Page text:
'Here, Gryphy, Gryphy, Gryphy!' I clinked the gold doubloons I had liberated from Davy Jones. 'Nice Gryphy!' Clink. Chink. 'Pretty golden coins. Just for you-hoo.' I make no excuses for yodelling. Wales is the Land of Song and that fire was wriggling closer. Peering in the slot where once the mine's water had flowed out, I could see a pair of glittering eyes. I clonked the money again. Another pair of eyes! I could not believe my luck. Like a pair of chickens they scuttled forwards, then retreated with a sound like a squeaky door. What? Then it hit me. They were a pair. This was their burrow. They had eggs, or cubchicks. I crossed my odd fingers and hoped that there were only eggs. Cubchicks could peck a hole even in my scales. I crept up to the entrance and laid the coins in the dirt.
'Listen, guys.' I spoke in Brittanic Fae. 'There's fire above and fire below. Now, I've got a nice, clean sack, big enough for you and yours. You all hop in and I'll be away with you to Otherworld before you're,' I tried for a euphemism, but failed, 'burned up.' The bigger of the pair, about the size of a badger, came to the entrance, flapped her wings and retreated. Then the other one repeated the dance. 'I get it.' I spoke with more confidence than I felt. 'You want me to come in?' They backed up. It was a tight squeeze and I was going to have to back out, there was no way I could turn around in that narrow cleft, my tail was far too fat.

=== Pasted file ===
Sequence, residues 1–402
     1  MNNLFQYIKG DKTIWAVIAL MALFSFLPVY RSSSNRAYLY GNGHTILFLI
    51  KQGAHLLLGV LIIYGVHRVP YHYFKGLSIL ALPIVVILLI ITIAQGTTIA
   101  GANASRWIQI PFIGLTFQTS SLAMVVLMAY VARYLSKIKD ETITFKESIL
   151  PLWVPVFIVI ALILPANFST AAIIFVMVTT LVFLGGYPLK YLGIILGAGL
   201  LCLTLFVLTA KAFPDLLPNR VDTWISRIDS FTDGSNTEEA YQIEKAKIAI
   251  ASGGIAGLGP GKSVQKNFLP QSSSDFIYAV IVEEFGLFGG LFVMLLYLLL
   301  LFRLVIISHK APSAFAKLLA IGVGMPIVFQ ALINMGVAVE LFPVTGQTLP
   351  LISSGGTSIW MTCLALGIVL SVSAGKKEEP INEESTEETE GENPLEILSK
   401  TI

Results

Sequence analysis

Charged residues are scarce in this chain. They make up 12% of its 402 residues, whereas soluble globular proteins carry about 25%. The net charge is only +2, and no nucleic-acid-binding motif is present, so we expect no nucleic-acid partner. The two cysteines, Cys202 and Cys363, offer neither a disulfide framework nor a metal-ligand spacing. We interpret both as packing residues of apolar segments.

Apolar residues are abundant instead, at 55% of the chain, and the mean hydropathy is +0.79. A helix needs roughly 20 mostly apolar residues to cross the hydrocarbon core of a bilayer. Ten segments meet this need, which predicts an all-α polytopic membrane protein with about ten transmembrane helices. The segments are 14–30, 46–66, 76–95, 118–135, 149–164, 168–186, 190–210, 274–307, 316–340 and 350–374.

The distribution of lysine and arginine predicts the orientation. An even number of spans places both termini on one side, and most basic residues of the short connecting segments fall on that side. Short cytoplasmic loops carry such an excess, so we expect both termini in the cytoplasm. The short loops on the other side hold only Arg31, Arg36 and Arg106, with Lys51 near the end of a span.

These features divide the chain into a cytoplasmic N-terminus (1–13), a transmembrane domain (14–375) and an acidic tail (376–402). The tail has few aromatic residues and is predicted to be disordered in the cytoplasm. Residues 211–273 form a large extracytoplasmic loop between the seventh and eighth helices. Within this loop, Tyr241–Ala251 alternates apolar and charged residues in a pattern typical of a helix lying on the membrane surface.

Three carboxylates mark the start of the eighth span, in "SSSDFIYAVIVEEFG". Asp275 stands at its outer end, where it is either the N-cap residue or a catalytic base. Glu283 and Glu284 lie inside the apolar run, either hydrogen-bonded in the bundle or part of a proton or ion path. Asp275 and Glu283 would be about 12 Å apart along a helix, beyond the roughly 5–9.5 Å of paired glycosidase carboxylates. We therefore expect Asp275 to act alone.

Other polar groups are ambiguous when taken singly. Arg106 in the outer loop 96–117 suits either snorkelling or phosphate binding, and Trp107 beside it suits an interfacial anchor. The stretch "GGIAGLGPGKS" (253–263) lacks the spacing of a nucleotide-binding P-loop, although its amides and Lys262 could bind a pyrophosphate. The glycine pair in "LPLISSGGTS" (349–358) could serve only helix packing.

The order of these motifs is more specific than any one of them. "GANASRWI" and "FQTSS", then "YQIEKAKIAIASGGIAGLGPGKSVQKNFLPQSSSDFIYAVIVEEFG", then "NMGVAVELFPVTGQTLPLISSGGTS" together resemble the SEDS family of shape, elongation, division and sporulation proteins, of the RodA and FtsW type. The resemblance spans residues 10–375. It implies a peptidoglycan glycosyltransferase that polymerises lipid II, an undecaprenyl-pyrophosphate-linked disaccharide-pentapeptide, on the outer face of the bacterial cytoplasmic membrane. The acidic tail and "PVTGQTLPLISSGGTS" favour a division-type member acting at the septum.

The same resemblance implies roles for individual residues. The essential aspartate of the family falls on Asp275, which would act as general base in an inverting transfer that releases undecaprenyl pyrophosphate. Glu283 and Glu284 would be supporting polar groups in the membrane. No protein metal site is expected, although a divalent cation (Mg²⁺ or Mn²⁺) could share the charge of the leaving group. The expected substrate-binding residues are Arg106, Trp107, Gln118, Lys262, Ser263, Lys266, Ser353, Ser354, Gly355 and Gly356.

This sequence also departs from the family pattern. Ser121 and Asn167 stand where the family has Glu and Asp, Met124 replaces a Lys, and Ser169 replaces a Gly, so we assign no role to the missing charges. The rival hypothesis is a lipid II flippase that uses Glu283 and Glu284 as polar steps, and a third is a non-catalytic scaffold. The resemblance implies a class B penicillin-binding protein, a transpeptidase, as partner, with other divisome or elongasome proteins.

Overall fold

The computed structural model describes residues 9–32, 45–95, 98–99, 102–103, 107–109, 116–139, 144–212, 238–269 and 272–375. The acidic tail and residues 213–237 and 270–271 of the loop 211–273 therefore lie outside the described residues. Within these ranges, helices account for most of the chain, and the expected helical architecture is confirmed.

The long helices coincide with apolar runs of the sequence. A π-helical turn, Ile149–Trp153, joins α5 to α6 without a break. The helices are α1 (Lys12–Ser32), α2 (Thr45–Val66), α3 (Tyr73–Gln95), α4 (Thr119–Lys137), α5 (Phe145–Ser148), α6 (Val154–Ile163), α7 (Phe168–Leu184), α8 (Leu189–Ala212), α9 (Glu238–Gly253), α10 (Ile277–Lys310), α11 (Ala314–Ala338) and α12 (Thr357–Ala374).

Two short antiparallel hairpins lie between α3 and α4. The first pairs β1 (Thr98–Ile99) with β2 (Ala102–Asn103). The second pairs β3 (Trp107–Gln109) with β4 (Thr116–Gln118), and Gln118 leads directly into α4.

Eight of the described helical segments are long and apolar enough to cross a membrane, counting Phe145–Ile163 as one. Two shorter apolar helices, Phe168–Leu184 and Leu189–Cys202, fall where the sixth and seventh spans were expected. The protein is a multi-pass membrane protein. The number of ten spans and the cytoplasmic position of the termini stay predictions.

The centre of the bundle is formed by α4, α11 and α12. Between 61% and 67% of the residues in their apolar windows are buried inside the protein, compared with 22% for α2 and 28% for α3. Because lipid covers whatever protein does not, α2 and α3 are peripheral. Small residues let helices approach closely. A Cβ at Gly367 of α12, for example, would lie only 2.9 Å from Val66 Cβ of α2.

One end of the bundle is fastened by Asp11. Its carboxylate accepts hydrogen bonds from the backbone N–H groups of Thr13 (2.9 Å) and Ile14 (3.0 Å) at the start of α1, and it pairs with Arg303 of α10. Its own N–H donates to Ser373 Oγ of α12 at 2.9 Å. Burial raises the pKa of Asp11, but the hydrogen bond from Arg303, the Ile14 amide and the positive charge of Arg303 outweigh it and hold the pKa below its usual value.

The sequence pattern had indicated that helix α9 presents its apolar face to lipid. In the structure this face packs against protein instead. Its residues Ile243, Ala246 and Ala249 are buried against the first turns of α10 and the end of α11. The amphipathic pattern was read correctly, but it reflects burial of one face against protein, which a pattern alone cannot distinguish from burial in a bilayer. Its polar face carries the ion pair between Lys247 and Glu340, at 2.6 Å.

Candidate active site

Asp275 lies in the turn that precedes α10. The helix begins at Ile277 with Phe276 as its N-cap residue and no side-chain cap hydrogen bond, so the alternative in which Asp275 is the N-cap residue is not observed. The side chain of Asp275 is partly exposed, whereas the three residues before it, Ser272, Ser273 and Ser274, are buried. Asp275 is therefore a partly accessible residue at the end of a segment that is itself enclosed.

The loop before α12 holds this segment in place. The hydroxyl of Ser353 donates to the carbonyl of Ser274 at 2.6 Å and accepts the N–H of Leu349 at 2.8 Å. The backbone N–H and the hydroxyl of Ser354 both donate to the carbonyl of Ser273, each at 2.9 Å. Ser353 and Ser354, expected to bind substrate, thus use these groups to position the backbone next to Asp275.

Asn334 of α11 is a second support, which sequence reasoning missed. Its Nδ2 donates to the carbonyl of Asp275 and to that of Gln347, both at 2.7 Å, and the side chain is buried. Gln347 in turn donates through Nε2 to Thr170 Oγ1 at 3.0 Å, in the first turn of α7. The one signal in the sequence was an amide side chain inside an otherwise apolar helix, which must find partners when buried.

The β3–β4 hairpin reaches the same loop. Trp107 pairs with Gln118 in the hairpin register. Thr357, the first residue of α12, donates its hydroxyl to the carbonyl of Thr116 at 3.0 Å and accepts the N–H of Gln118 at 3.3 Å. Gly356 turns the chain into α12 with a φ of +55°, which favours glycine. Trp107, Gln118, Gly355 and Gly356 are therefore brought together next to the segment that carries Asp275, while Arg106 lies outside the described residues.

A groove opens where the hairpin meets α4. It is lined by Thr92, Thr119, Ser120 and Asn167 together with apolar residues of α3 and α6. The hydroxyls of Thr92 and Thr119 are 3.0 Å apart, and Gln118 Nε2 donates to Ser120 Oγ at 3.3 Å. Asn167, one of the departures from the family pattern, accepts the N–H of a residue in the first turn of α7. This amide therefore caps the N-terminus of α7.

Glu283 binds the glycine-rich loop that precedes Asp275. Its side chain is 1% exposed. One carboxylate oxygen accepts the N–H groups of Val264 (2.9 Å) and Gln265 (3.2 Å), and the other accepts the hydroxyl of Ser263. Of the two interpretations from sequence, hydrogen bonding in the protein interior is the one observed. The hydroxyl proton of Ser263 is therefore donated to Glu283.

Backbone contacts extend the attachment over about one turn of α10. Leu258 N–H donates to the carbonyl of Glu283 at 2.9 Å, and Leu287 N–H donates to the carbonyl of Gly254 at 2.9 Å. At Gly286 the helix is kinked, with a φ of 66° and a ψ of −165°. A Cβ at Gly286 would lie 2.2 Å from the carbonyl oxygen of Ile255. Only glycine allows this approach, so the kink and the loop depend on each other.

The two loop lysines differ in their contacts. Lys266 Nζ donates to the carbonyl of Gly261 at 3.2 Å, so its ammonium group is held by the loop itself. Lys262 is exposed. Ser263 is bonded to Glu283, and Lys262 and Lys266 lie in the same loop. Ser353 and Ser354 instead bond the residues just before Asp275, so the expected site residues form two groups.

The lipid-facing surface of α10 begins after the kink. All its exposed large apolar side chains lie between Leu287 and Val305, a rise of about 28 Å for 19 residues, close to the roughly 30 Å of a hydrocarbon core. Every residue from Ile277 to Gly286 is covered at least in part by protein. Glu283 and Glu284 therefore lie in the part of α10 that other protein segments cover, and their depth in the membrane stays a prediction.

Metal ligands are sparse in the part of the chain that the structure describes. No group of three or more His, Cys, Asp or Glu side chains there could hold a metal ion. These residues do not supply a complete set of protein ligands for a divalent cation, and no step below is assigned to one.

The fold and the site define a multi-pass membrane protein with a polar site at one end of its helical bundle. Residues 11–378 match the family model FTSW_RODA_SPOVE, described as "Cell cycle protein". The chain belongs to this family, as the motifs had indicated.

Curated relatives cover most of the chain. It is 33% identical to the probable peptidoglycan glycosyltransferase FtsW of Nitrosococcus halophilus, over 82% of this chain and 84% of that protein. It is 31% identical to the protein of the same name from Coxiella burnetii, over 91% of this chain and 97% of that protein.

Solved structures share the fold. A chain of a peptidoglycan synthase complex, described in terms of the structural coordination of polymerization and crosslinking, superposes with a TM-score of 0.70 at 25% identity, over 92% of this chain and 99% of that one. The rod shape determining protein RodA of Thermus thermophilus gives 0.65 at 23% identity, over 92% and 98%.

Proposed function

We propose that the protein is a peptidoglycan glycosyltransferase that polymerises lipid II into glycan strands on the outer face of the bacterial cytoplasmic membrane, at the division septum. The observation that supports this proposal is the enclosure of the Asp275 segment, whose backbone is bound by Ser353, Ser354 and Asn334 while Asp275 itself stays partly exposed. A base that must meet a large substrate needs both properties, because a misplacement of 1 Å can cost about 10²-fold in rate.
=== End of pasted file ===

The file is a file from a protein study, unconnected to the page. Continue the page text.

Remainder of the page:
A breeding pair of Gryphons and a clutch of three eggs and a lair decorated with gold. I only had a moment to gloat before a whiff of choking reality swirled in and a nasty feeling of singe hit the peak of my tail. I cannot help it, it is a natural reaction, a legacy from mum, she being a Chinese Water Dragon. All the ducts in my scales filled up with water and started squirting a rainstorm. In the open air, it does not matter but in a small cave?